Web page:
Study shows modest improvement in advanced lung cancer overall survival rates

December 01, 2009

Research released in the December 2009 issue of the Journal of Thoracic Oncology sought to determine whether the survival improvement among patients with metastatic lung cancer has improved over the last two decades as reported in controlled clinical trials.

Researchers performed an analysis of over 100,000 patients with stage IV non-small cell lung cancer (NSCLC) identified through the SEER database to evaluate trends in survival between 1990 and 2005 to assess the true impact of recent medical advances on these patients. Daniel Morgensztern, MD of the Washington University School of Medicine and his team reviewed over 16 years of records from those in the unselected representative patient population and found a modest, but statistically significant, improvement in overall survival rates. Specifically, one-year overall survival increased from 13.2 percent to 19.4 percent. Additionally, two-year overall survival increased from 4.5 percent to 7.8 percent.

Researchers noted the improvement in survival outcomes may reflect changes in the management of advanced NSCLC over the past two decades, including the development of new chemotherapy agents and regimens, increasing use of salvage chemotherapy and the introduction of molecularly targeted therapies.

"Although the development of several new agents led to a statistically significant survival improvement between 1990 and 2005, it is sobering that the one-year survival has improved by only 6 percent during this time," says Dr. Morgensztern. "Real progress can only be achieved with a better understanding of tumor biology and development of novel therapies."
-end-
Journal of Thoracic Oncology (JTO) - (journals.lww.com/jto)

The JTO is rapidly becoming a prized resource for medical specialists and scientists who focus on the detection, prevention, diagnosis and treatment of lung cancer. The JTO is the official monthly journal of the International Association for the Study of Lung Cancer (IASLC.org) and emphasizes a multidisciplinary approach, including original research (clinical trials and translational or basic research), reviews and opinion pieces.

International Association for the Study of Lung Cancer

Related Medicine Articles from Brightsurf:

An ultrasonic projector for medicine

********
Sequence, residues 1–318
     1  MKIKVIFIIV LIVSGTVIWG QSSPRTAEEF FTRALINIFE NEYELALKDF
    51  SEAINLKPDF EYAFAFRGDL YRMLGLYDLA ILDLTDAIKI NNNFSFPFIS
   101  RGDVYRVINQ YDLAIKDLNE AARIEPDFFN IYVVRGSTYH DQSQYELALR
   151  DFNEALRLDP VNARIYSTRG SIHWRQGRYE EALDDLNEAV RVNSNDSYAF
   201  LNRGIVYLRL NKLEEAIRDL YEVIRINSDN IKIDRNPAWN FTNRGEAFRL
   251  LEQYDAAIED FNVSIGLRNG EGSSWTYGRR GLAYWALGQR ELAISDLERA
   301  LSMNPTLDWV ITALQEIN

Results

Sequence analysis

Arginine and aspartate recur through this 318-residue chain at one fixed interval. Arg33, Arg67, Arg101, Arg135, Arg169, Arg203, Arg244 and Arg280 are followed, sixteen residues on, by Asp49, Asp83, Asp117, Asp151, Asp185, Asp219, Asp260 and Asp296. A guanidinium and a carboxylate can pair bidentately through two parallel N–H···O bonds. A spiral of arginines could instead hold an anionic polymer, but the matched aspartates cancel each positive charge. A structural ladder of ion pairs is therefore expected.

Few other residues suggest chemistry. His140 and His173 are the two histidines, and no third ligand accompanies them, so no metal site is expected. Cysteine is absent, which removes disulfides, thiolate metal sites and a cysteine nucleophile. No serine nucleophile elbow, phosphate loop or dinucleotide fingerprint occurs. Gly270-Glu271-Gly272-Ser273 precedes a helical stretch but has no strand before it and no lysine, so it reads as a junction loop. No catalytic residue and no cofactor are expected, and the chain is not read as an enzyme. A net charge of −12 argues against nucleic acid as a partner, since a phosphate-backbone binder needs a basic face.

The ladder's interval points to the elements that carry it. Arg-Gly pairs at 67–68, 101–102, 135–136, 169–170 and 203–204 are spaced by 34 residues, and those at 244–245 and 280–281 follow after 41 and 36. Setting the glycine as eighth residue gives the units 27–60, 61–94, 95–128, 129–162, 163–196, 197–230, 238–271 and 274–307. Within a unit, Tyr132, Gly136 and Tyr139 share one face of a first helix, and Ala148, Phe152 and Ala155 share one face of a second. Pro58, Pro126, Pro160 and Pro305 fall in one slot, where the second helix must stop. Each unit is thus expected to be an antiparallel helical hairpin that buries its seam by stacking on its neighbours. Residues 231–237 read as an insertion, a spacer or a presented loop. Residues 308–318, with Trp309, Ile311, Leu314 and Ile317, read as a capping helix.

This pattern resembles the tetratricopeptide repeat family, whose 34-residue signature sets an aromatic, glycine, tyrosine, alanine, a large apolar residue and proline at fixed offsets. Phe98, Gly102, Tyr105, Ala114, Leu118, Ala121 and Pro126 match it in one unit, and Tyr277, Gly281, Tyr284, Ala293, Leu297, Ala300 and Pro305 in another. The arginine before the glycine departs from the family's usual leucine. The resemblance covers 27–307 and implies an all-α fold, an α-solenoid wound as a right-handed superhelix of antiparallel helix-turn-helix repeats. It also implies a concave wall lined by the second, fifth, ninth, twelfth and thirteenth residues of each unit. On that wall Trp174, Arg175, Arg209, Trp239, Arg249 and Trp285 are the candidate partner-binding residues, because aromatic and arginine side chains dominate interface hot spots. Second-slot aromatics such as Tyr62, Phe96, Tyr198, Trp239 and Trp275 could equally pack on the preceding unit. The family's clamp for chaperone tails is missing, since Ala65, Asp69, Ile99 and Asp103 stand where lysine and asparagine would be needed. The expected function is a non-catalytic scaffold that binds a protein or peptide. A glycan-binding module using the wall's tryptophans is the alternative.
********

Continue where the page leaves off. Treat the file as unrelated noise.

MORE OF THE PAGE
A chip-based technology that modulates intensive sound pressure profiles with high resolution opens up new possibilities for ultrasound therapy.

A new discovery in regenerative medicine
An international collaboration involving Monash University and Duke-NUS researchers have made an unexpected world-first stem cell discovery that may lead to new treatments for placenta complications during pregnancy.

How dinosaur research can help medicine
The intervertebral discs connect the vertebrae and give the spine its mobility.

Graduates of family medicine residencies are likely to enter and remain in family medicine
This study provides an overview of the characteristics of physicians who completed family medicine residency training from 1994 to 2017.

Nuclear medicine and COVID-19: New content from The Journal of Nuclear Medicine
In one of five new COVID-19-related articles and commentaries published in the June issue of The Journal of Nuclear Medicine, Johnese Spisso discusses how the UCLA Hospital System has dealt with the pandemic.

Moving beyond 'defensive medicine'
Study shows removing liability concerns slightly increases C-section procedures during childbirth.

NUS Medicine researchers can reprogramme cells to original state for regenerative medicine
Scientists from NUS Medicine have found a way to induce totipotency in embryonic cells that have already matured into pluripotency.

Protein injections in medicine
One day, medical compounds could be introduced into cells with the help of bacterial toxins.

Study reveals complementary medicine use remains hidden to conventional medicine providers
Research reveals that 1 in 3 complementary medicine (CM) users do not disclose their CM use to their medical providers, posing significant direct and indirect risks of adverse effects and harm due to unsafe concurrent use of CM and conventional medicine use.

Study of traditional medicine finds high use in Sub-Saharan Africa despite modern medicine
Researchers who have undertaken the first systematic review of into the use of traditional, complementary and alternative medicines (TCAM) in Sub-Saharan Africa found its use is significant and not just because of a lack of resources or access to 'conventional medicine'.

Read More: Medicine News and Medicine Current Events
Brightsurf.com is a participant in the Amazon Services LLC Associates Program, an affiliate advertising program designed to provide a means for sites to earn advertising fees by advertising and linking to Amazon.com.